Darwin’s Bastards by Justin McNeil

Editor Zsuzi Gartner pulls a lovely trick with this collection of dystopian fiction from a stable of writers of serious literary stock. BOMBlog’s Justin McNeil reviews their take on that dirty bastard category, genre writing.

Article 4428 Darwinsbastards1

“Now, gods, stand up for bastards!”

That’s Edmund, bastard extraordinaire, from King Lear. In short, bastards can’t escape their place and, as a result, they like to nipple-tweak the world. The world of fiction holds a similar place for certain genres; science fiction will always share the bastard’s angst about being considered legitimate. Enter editor Zsuzi Gartner, who pulls a lovely trick with this collection of dystopian fiction from a stable of writers of serious literary stock. This is their take on that dirty bastard category, genre writing.

Several big names have been added to this collection as bait, including Douglas Coupland and William Gibson, two authors who coined a couple buzzwords—namely “generation x” and “cyberspace”—of brief ubiquity and rapid obsolescence. Gibson’s story “Dougal Discarnate” has the airy quality of a genial haunting, like when you leave a bar and can still smell the atmosphere on your clothes hours later. The story is a low-fi and low-tech experience about a character who leaves his body during an acid trip and is marooned in a town where only a handful of people can see him. It’s a story about the friendship he develops with the narrator, a shade of himself in a way, as they bond over their love of movies and their slightly pallid taste for life. They’re both people who live with little slivers of ice in their hearts, relegated to the lonely nights and back alleys of life, marginalized.

The silver ape in this collection is Douglas Coupland whom I once saw at a reading in Boston in 1993. At that time he was famous—he traced his hand in the front cover of my girlfriend’s book and wrote “we dream of giving our hearts away.” Rock star stuff. His tale, “Survivor” is an apocalyptic-pop tale about the adventures of the last two cameramen on a reality show that gets interrupted by the end of the world. I’d like to dismiss this story as being dated, but Coupland is able to draw a wonderful mix of vileness and comedy from his jaded survivors. It’s a kind of delightful sick sense of humor that I doubt he would attempt in a novel, but in short form, he summons the worst emotions from these last members of the human race. Which is one more reason for the success of this collection: it’s sense of lurid fun. Writers can attempt experiments in an anthology as curiosities that their superegos would quash if they tried to extend that same weirdness into a novel.

It is, however, the writers who’s names are less recognizable who make this book so potent. Case in point: in a recent interview, Zsuzi Gartner— playing favorites with her Addams Family-like children— signaled out Matthew J. Trafford. Trafford’s story, “The Divinity Gene,” is the the collection’s last and is centered around the cloning of Jesus Christ. The character who helps scientists accomplish this is slick-evil incarnate, an oily puddle you don’t want to step in. He makes you want to laugh and shut the book in disgust at the same time and would be at home on a softball team featuring Patrick Bateman in centerfield. Trafford’s first book of short stories will be out in 2011, and in Darwin’s Bastards, we get a preview of what will hopefully be a fascinating, dark collection.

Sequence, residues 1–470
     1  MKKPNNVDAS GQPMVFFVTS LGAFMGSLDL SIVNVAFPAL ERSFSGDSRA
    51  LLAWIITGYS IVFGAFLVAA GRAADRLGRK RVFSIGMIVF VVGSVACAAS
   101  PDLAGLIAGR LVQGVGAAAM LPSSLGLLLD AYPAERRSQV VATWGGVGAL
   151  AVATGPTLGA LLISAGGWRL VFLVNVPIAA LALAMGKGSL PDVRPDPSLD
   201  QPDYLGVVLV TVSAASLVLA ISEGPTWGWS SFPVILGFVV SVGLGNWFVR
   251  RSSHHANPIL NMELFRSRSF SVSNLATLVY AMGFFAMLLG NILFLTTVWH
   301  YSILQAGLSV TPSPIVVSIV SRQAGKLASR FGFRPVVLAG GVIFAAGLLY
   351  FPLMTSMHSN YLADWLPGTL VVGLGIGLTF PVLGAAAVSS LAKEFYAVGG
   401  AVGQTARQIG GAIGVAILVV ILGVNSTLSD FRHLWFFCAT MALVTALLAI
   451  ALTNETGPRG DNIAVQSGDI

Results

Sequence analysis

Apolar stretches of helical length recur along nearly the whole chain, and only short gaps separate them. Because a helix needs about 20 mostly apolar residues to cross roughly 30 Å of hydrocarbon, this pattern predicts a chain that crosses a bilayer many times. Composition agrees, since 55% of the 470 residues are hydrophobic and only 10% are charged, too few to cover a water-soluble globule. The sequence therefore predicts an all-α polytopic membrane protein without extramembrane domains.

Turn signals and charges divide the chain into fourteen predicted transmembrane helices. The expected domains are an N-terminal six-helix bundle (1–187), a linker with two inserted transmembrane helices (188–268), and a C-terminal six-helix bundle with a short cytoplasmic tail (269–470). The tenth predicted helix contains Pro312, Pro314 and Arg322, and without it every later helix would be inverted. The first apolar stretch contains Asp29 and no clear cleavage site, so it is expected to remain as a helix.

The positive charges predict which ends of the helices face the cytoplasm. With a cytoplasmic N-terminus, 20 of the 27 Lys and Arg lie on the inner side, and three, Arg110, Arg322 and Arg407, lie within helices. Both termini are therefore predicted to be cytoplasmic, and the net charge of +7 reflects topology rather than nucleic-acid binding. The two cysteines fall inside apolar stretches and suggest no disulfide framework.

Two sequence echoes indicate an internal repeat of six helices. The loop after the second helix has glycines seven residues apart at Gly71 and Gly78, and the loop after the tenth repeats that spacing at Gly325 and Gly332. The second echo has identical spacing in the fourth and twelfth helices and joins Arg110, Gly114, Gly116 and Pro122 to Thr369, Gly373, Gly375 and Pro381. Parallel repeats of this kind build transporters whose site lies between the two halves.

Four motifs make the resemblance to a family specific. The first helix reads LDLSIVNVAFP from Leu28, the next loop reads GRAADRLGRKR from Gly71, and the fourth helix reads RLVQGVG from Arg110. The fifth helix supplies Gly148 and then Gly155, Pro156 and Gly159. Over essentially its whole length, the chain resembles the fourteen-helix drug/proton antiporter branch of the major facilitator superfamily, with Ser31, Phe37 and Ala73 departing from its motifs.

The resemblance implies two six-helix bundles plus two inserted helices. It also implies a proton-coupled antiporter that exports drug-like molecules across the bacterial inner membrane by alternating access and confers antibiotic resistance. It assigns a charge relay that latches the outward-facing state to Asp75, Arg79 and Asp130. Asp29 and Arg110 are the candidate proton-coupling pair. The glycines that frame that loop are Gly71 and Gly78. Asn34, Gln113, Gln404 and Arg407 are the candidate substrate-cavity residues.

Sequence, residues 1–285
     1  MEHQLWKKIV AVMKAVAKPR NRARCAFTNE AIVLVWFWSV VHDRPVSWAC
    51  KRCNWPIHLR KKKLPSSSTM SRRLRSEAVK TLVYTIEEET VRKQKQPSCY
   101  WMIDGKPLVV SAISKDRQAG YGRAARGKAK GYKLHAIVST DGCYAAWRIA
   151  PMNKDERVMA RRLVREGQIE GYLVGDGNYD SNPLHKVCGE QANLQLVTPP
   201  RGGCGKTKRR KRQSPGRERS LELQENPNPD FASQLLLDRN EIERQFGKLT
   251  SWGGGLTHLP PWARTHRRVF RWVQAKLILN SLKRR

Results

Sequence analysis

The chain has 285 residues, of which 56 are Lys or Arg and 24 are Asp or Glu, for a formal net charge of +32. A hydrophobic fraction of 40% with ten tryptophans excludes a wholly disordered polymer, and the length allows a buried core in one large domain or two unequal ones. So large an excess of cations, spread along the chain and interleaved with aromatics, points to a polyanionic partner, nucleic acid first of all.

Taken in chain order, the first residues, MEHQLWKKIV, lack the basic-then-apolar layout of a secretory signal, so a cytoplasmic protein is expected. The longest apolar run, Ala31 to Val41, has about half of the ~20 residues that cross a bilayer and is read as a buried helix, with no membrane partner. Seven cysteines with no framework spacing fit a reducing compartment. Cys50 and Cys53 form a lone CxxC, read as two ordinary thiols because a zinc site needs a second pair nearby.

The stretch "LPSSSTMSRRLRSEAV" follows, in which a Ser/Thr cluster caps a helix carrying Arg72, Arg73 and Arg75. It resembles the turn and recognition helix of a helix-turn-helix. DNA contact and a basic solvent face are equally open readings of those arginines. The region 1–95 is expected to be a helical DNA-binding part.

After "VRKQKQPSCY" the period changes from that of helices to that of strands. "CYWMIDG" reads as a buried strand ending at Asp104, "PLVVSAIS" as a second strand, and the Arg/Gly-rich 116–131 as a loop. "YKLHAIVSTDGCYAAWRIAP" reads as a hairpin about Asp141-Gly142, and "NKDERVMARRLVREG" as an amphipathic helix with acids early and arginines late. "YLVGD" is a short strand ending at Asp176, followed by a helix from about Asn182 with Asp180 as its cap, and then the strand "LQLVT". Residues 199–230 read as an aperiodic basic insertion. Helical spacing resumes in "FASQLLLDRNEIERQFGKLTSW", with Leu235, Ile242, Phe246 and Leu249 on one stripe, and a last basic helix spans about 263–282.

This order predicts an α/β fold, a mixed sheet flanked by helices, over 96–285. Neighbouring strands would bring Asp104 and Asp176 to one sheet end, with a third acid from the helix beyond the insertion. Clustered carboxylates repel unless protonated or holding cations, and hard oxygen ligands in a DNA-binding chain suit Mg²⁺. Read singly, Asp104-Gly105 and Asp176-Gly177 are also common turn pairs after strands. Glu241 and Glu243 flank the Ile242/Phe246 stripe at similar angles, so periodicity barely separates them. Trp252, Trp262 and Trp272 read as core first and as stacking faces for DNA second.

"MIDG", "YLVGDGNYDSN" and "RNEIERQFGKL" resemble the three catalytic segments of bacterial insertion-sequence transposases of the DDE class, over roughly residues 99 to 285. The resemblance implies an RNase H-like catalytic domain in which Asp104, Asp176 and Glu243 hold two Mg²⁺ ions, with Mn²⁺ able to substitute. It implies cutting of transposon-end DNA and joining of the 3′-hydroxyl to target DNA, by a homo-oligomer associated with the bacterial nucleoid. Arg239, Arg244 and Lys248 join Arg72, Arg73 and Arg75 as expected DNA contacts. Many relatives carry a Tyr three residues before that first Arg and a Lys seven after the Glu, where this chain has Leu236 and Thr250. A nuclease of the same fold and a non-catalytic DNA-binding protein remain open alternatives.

David Whitton, represented by “Twilight of the Gods,” is another example of here-to-fore undocumented talent. A little stalking online tells me he’s a Toronto-based writer, but unfortunately he has the same name as a dead Scottish politician so information is scant. Whitton’s idea of the future is a perfect combination of the disaffected characters of contemporary literature mixed with the soaring, antiquated adventure of an H. R. Haggard, Doc Savage, or an old Frederic Dey pulp novel. He’s a writer with an imagination that likes to wander and if I could figure out how to contact him, I’d tell him to write a novella based on this one story, with the old cover art of a Street & Smith dime novel.

The greatness of this collection stems from the gamble that the all-black sheep flock that has been assembled here will either continue toward success, or fade into obscurity in a year’s time. Zsuzsi Gartner has done a real service to artists by curating this collection. With Darwin’s Bastards, she’s thrown a big dystopian party and invited all the best talent. You find yourself wishing that this collection were a formula that could be repeated over different genres, like a WPA government service for MFA candidates.

Darwin’s Bastards, selected and edited by Zsuzsi Gartner, is out now from Douglas & McIntyre.

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